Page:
This paper provides new theory and evidence about the benefits of openness on a firm’s innovation performance and, more importantly, the specific firm-level contingencies under which those benefits are more (or less) likely to be observed. Building on Dyer and Singh’s (1998) relational view, we suggest that a firm’s lack of resources and absorptive capacity, as well as its use of secrecy, are significant barriers to benefiting from openness to external knowledge. Using responses from 12,152 firm...
Published on Jan 1, 2016in International Journal of Management Reviews7.60
Alessandra Perri5
Estimated H-index: 5
(Ca' Foscari University of Venice),
Enzo Peruffo5
Estimated H-index: 5
(Libera Università Internazionale degli Studi Sociali Guido Carli)
This paper reviews and organizes the theoretical and empirical research on foreign direct investment (FDI) knowledge spillovers from the international business perspective. In doing so, it develops a framework for the analysis of this phenomenon. The suggested FDI knowledge spillover framework integrates both the macro‐level (country, industry, institutions) and micro‐level (multinational firm, headquarters, subsidiary, local firms) antecedents of spillovers with their consequences, and proposes...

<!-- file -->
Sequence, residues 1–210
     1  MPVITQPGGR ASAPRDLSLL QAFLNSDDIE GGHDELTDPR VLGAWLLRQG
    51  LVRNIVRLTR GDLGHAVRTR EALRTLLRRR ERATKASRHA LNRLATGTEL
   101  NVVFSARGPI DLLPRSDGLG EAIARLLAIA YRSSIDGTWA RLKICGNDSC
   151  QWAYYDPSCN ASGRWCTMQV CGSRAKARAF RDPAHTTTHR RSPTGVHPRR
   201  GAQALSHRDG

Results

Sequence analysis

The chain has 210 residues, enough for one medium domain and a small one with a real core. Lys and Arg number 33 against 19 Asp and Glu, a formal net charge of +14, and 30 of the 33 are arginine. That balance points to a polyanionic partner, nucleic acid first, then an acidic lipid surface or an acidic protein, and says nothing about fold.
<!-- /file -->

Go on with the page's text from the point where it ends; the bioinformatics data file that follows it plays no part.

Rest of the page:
Published on Jan 1, 2016
Joseph Kupfer1
Estimated H-index: 1
TN our age of electronic surveillance, centralized * data banks, and computerized solicitation, the topic of privacy is eliciting a good deal of attention. But what exactly is the value of privacy, of freedom from surveillance or information-gathering? The view I shall argue for here is that privacy is a necessary condition for something of basic value? the development of an autonomous self. Autonomy requires a conception of self for which privacy is indispensable. As necessary to the developmen...
Published on Apr 1, 1991in Research Policy5.42
Stephan Schrader3
Estimated H-index: 3
(MIT: Massachusetts Institute of Technology)
Abstract Employees frequently give technical information or advice to colleagues in other firms, including direct competitors. This paper addresses whether such information-transfer is in the economic interests of the firms involved. It is hypothesized that employees trade information in accordance with the economic interests of their firms. Conditions are discussed in which information trading creates an economic advantage for the participating firms. Data on specific information transfer decis...